Remote work is not new — domestic and global companies have had virtual work arrangements for nearly 30 years. However, the rapid and unprecedented changes brought on by COVID-19 have accelerated these transitions, requiring the wholesale migration of nearly entire companies to remote work in a matter of weeks, and leaving managers and employees scrambling to adjust. On one hand, companies have had a glimpse into the opportunities that remote work can afford them, such as nonexistent commute times, lower operational costs, and a larger pool of global job applicants. Many are planning to permanently incorporate remote days into their long-term routines, or even give their employees the option to work from home full-time. On the other, these circumstances have brought to light many challenges that are inherent with virtual arrangements: employees feel lost, isolated, and out of sync and out of sight. People are looking for insights; they want to know how to keep their teams motivated, what digital tools they’ll need, how to keep track of employee productivity, how to maintain connections without face-to-face interactions, and how to combat the draining feelings of tech exhaustion. Based on nearly two decades of experience working with virtual and global teams, Neeley provides evidence-based answers to the most pressing questions about how teams can feel more connected and be well-prepared to deliver optimal results.
Tsedal Neeley (@tsedal) is the Naylor Fitzhugh Professor of Business Administration at the Harvard Business School. Her work focuses on how leaders can scale their organizations by developing and implementing global and digital strategies. She regularly advises top leaders who are embarking on virtual work and large scale-change that involves global expansion, digital transformation, and becoming more agile.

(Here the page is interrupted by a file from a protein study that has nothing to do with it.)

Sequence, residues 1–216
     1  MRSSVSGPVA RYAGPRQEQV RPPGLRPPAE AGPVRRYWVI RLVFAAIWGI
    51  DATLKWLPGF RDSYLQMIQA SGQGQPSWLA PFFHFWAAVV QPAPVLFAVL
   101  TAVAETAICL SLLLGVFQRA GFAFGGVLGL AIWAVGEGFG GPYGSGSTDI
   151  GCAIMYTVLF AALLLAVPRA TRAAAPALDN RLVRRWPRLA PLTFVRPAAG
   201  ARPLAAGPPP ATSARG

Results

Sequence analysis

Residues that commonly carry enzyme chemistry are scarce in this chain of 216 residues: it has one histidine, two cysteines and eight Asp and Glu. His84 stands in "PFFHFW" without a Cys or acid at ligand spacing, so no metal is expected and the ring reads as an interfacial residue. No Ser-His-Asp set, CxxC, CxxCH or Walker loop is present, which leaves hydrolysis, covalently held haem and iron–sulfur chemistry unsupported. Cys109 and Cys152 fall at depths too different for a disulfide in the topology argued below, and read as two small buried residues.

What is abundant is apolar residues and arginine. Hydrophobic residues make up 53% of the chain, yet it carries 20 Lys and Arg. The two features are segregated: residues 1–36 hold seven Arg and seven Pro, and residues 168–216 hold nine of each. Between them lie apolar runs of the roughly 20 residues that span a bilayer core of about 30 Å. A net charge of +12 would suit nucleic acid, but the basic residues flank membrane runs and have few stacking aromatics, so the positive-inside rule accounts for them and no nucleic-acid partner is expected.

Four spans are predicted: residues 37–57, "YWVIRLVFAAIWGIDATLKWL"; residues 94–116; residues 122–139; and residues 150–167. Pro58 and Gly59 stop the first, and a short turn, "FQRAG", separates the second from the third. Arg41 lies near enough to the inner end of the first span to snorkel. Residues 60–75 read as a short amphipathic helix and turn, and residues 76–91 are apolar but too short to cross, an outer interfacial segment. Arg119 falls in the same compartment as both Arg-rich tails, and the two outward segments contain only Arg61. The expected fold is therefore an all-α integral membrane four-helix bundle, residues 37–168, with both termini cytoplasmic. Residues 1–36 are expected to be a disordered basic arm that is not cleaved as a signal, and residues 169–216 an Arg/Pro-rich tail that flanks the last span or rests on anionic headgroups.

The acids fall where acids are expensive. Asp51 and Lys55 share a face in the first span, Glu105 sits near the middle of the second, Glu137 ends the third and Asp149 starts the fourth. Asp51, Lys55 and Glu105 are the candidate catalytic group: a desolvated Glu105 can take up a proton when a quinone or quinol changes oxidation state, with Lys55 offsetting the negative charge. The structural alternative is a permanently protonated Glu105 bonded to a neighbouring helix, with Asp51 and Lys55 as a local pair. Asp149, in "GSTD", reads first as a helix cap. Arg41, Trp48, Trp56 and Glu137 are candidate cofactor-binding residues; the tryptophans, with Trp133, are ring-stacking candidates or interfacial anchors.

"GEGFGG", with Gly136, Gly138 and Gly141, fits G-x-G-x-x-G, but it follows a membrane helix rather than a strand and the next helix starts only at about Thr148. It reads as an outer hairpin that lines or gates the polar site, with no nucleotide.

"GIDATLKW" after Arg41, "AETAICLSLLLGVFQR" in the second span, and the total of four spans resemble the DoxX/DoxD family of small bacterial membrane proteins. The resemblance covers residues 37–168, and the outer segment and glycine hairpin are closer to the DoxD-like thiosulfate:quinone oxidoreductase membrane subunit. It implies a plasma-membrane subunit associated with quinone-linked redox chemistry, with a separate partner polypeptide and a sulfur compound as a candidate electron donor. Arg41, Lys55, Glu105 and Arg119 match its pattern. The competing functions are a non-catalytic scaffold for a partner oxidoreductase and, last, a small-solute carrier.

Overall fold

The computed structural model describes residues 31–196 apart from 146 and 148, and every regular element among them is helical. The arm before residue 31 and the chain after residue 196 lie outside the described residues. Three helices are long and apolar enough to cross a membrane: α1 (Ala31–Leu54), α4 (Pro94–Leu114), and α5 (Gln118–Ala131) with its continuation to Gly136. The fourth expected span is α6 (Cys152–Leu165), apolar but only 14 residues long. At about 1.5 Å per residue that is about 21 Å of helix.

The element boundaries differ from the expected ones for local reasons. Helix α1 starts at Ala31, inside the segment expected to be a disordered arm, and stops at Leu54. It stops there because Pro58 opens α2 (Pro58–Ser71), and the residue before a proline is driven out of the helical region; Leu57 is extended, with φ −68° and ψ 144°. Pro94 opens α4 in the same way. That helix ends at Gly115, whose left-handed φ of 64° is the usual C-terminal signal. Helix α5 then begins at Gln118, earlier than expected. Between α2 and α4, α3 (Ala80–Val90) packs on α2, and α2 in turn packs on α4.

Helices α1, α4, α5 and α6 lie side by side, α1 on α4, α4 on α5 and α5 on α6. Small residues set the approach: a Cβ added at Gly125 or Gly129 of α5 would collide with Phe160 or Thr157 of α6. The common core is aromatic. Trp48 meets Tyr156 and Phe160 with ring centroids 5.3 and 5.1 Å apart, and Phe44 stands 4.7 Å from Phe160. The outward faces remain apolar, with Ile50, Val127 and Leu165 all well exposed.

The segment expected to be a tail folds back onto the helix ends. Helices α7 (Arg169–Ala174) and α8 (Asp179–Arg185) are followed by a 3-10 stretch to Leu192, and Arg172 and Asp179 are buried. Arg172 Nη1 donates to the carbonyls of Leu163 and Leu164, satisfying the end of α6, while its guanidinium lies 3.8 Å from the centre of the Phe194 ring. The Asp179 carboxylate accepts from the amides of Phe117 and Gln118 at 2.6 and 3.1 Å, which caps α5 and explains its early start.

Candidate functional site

Tsedal heads and teaches in the first-year required Leadership and Organizational Behavior course in the MBA program that focuses on how to lead effectively; the curriculum addresses group behavior and performance, organization design, change and how to align people behind a common vision. With Bill George and Krishna Palepu she co-chairs the executive offering, Leading Global Businesses, which helps top leaders develop emerging and mature market strategies in a global and increasingly digital economy. She also teaches extensively in executive programs such as Harvard Business Analytics Program. Tsedal is a recipient of the prestigious Charles M. Williams Award for Outstanding Teaching in Executive Education and the Greenhill Award for outstanding contributions to Harvard Business School. She serves on the Board of Directors of Brightcove, Brown Capital Management, Harvard Business Publishing and the Partnership Inc.
Her book, Remote Work Revolution: Succeeding from Anywhere (2021, Harper Collins Business), provides remote workers and leaders with the best practices necessary to perform at the highest levels in their organizations. Her award-winning book, The Language of Global Success: How a Common Tongue Transforms Multinational Organizations chronicles the behind-the-scenes globalization process of a company over the course of five years. She has also published extensively in leading scholarly and practitioner-oriented outlets such as Academy of Management Journal, Organization Science, Management Science, Journal of International Business, Strategic Management Journal and Harvard Business Review, and her work has been widely covered in media outlets such as BBC, CNN, Financial Times, NPR, the Wall Street Journal, and the Economist. Her HBS case, Managing a Global Team: Greg James at Sun Microsystems, is one of the most used cases worldwide on the subject of virtual work.
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